The Shamrock Quilters

Aileen Evelyn resized



During September 1986 the Committee at the Irish Australian Support and Resource Bureau – then situated in Smith Street Collingwood – was endeavouring to generate some input and support. Its members were in short supply and so were funds, with virtually no working capital.

Pat Ryan, the then secretary, came up with the suggestion of forming a support group for migrant Irish women, where they could meet once a week for tea/coffee and a chat. The previous March, Margaret Devlin had included a couple of here quilts in the lace exhibition at Gaelic Park. Interest was shown by some of the women so Margaret suggested maybe they could start a patchwork class. The idea expanded on and Pat offered her services teaching crochet. We became so enthused with the idea, we decided to meet the next Tuesday evening at 7.30pm.

The five founding members present that evening were, Pat Ryan, Pat & Mary Cushnahan, Phillis McGrath and Margaret Devlin.

Pat brought in her crochet books and cottons, Margaret her scraps, sewing machine and cutting tools. Word spreads quickly in the Irish Community. The next week new members, Ellie Howe, Myrtle Burke, Evelyn McDonough and Mary Kearns joined us.                                                                                             

At this time any sort of material was acceptable, we’d “ooh and aah” over scraps. Thick, thin, cotton, polyester, even the off bit of shiny satin was sewn in, we were not fussy. We didn’t know any better, as long as there was plenty of colour we were happy.

The strip quilts we churned out were a very simple art form. Some of us did try to co-ordinate our colours and mitre our corners, others just wanted the finished product adorning their beds.

Loose threads and puckers were of no consequence, there are even quilts out there with pins sewn into the batting, never again to see the light of day.

We improved quickly, two months down the track produced our first quilt which was raffled for funds to tide the Bureau over our Christmas break. The amount raised was $600, a fair amount in 1986, and at the time a financial lifesaver for the Bureau.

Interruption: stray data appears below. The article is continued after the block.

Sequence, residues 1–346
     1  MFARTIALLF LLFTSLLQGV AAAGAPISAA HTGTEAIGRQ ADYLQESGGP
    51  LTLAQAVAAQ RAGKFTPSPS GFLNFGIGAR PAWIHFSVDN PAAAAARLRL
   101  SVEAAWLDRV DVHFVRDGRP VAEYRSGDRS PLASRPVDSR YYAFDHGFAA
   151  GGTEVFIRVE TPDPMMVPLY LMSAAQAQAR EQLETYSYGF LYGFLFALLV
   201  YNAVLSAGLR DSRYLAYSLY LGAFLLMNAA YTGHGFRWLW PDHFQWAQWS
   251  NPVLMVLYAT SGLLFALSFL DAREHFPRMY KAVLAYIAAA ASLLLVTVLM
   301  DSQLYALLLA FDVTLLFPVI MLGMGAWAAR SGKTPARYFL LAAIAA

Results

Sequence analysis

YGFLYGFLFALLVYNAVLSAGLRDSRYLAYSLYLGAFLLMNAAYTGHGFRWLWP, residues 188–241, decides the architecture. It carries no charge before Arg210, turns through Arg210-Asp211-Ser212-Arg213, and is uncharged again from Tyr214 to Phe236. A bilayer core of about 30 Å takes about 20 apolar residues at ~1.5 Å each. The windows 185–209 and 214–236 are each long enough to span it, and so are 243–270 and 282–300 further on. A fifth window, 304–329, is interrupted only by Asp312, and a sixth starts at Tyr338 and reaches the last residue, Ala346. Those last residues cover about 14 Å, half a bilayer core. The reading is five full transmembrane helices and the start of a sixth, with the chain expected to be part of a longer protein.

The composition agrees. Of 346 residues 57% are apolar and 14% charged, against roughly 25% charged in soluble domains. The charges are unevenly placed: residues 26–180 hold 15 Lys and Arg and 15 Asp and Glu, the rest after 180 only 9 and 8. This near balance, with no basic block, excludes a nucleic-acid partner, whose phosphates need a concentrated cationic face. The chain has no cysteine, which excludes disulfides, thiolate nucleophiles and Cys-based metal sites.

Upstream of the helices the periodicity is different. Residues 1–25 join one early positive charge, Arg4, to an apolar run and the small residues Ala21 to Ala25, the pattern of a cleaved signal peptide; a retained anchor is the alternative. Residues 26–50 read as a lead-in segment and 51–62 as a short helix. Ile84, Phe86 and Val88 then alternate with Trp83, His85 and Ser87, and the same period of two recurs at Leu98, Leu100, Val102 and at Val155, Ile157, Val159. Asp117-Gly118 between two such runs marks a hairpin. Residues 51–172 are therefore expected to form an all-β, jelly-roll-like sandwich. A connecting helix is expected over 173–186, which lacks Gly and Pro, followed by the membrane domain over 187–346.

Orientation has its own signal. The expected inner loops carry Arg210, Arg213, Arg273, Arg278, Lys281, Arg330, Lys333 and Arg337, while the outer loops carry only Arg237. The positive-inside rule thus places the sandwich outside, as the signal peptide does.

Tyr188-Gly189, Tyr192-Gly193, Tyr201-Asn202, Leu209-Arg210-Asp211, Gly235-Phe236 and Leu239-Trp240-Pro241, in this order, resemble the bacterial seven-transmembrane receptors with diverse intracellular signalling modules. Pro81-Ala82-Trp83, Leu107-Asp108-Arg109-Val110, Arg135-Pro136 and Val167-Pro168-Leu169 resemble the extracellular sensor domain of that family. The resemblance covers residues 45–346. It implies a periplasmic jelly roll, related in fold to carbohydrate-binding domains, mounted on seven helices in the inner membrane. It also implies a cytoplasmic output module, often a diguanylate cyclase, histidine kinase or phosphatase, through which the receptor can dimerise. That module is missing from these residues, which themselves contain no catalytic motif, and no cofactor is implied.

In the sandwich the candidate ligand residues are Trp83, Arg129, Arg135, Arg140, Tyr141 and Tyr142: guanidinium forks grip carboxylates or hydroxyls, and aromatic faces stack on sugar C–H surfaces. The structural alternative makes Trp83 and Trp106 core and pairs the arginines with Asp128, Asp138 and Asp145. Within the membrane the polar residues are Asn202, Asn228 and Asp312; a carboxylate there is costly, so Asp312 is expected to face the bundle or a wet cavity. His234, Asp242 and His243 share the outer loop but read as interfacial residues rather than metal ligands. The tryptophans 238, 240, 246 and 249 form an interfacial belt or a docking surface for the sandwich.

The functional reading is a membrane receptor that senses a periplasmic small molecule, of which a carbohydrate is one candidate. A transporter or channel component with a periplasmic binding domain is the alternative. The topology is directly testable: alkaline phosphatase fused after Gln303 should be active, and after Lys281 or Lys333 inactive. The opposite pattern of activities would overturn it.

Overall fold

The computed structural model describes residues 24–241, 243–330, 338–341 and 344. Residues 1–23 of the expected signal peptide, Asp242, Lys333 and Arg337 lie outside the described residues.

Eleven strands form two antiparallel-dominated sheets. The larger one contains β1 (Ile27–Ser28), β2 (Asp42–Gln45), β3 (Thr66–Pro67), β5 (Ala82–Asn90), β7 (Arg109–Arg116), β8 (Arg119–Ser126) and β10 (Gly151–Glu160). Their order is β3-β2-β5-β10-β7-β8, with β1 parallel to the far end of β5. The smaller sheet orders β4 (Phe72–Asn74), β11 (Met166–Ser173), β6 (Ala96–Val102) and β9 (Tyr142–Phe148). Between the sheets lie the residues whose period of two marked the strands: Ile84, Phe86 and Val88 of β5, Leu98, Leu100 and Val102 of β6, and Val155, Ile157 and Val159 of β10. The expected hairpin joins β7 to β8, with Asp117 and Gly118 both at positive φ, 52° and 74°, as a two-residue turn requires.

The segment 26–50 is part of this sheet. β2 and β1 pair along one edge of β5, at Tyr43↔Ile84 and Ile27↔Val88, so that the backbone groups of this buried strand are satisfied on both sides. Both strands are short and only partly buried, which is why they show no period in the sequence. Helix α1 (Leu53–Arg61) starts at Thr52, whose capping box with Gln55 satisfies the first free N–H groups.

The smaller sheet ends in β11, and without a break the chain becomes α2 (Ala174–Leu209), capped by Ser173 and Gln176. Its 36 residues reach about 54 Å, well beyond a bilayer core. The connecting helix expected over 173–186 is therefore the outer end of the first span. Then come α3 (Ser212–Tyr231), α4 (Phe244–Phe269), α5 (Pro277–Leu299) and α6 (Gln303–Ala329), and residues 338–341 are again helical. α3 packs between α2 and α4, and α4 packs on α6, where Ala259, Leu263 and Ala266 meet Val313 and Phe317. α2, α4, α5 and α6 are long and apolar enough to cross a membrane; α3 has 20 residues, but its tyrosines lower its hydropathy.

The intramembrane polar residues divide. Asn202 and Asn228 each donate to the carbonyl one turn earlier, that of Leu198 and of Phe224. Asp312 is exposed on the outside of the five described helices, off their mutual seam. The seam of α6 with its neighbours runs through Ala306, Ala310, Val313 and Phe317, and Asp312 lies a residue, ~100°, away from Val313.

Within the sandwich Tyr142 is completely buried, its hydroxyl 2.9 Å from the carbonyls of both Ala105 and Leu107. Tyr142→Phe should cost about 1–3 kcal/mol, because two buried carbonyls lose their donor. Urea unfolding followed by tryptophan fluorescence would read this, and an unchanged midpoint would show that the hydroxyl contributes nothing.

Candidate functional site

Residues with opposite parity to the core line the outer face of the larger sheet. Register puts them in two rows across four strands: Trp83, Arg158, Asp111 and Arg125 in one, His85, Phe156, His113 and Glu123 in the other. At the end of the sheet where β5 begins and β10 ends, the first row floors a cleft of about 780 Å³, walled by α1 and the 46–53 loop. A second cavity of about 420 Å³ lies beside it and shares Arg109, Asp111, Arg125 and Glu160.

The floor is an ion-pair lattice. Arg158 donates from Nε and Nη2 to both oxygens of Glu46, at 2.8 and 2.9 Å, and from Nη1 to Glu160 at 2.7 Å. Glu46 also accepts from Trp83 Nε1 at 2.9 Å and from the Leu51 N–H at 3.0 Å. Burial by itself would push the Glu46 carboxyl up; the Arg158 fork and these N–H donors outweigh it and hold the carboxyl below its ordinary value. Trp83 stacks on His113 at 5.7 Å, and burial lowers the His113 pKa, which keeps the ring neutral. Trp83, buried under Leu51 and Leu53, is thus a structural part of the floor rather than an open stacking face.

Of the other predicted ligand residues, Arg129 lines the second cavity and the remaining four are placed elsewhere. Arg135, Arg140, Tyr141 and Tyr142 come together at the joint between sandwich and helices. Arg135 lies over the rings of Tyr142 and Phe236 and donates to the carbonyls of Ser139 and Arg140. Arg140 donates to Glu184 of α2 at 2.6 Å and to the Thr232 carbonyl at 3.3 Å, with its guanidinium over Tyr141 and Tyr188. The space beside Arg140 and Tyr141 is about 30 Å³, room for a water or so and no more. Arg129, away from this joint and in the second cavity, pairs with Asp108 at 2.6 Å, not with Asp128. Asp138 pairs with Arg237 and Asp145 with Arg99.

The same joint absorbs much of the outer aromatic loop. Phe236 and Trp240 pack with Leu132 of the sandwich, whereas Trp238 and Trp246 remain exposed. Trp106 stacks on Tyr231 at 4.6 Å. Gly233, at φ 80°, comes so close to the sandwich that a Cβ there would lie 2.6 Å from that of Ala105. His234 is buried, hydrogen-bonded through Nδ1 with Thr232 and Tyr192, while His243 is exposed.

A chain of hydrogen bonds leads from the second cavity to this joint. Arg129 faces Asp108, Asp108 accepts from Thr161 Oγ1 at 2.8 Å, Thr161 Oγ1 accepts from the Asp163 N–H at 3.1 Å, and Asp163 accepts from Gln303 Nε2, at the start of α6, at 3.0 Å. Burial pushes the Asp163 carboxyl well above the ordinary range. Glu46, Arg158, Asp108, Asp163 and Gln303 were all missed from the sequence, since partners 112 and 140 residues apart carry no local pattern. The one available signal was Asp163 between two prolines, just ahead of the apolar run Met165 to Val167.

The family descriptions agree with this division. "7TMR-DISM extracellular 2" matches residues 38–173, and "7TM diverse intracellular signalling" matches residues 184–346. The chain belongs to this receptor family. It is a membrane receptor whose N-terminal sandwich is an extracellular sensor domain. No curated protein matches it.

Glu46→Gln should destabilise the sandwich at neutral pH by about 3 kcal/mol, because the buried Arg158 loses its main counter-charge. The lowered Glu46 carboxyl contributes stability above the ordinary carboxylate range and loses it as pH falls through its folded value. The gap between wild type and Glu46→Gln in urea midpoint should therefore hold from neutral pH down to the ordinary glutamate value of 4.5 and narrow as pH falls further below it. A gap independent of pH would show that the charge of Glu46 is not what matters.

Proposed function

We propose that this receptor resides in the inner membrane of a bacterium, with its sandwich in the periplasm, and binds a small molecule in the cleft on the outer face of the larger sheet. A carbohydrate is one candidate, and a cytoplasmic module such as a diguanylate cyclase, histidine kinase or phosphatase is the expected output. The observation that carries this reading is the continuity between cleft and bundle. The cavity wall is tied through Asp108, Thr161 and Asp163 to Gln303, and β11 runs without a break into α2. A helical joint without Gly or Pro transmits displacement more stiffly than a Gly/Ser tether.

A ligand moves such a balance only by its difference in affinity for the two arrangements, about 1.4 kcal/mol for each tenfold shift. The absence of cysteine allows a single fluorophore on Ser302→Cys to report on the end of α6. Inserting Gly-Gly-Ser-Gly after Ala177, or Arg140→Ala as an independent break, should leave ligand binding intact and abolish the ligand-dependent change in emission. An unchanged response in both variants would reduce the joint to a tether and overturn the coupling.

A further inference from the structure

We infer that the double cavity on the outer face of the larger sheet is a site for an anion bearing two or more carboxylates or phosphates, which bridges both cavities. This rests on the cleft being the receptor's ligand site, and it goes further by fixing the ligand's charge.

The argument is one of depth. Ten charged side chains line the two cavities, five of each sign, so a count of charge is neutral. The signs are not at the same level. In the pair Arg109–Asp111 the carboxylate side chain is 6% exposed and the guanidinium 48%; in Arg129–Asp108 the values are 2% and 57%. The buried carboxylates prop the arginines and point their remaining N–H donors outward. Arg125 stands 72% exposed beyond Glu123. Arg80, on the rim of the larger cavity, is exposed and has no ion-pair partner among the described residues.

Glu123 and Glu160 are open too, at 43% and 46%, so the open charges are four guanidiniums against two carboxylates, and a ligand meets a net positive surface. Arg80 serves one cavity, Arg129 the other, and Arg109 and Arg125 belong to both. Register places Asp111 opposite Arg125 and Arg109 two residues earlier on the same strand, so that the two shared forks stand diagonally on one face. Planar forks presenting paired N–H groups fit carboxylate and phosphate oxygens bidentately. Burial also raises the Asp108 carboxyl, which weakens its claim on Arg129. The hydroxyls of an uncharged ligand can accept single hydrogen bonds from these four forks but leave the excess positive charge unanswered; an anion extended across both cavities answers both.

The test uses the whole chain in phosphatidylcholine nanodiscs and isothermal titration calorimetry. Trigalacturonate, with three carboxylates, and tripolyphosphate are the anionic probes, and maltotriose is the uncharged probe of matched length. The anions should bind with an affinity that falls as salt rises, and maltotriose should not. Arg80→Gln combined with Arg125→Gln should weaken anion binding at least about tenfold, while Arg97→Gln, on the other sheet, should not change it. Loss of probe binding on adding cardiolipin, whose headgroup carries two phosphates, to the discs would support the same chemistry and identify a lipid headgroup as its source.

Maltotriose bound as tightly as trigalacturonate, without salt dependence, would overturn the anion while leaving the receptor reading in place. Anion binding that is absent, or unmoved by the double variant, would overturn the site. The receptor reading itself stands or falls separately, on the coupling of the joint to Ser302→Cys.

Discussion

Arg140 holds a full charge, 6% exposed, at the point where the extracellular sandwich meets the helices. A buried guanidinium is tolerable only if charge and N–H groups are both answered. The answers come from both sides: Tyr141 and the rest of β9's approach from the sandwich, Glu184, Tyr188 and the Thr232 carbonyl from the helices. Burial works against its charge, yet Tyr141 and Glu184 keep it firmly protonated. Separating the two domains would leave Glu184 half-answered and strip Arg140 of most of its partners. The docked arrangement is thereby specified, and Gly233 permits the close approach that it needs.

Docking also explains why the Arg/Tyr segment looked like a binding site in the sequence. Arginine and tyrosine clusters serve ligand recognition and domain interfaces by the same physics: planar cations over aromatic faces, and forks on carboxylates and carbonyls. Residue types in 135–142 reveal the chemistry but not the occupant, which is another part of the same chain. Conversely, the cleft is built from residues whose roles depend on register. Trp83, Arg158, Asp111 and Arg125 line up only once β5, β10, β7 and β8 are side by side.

Some of our early members attending patchwork workshops, returning to share their new found skills.

In 1989 we made our first quilt for presentation. It was an Irish chain design presented to Ambassador James Sharkey and his wife. Quilts were also made as gifts for Ambassador Martin Burke and Mrs Burke (who were interested and supportive of the patchworkers) Presidents Mary Robinson and Mary McAleese.

Our work was displayed at Gaelic Park Keysborough on National Day. Our first display was March 1987. We worked from the crack of dawn, hanging quilts and setting up our work.

Thanks must go to those husbands who over the years helped us out no end. Without their help we could not have achieved so much.

We often look back and cringe at our colour combinations. Green, yellow- orange- brown etc. At this time we thought they were lovely.

Two of our early members have passed on, both were wonderful contributors and talented needle women – Deirdre O’Malley and Aileen Pearse. Aileen was excellent with hand sewn hexagons and of course her wonderful cooking, especially her apple tarts.

Deirdre had not previously attempted patchwork but with her talents she was soon producing very professional work. We have Deirdre to thank for the lovely wall hanging, which is currently hanging on the Bureau wall.

In 1996 we celebrated our 10th birthday with a dinner at the Bureau in Gertrude Street. A great night was had by all. Members of the quilters (on the quiet) had made and Irish Chain quilt in blue and cream to present to Margaret Devlin. This was our last night at Gertrude Street before the shift to our new premises.

To accommodate patchworkers unable to come in the evening a daytime class was commenced. It is held the first Wednesday of the month between the hours of 10am and 3pm. Please come along and join us we would love to see you.

From humble beginnings the patchworkers have gone from strength to strength. Enjoying exposure of our work at exhibitions in the Northcote Town Hall, Cathedral Hall, Council of Adult Education, Gaelic Park and S Patrick’s Day floats.

Over the past years we have contributed in many ways to the upkeep of the Bureau, through the running of the refreshment stall in the gardens on St Patrick’s Day and supplying quilts for raffles etc.

We, the Shamrock Quilters, look forward to continuing our work and welcome new members.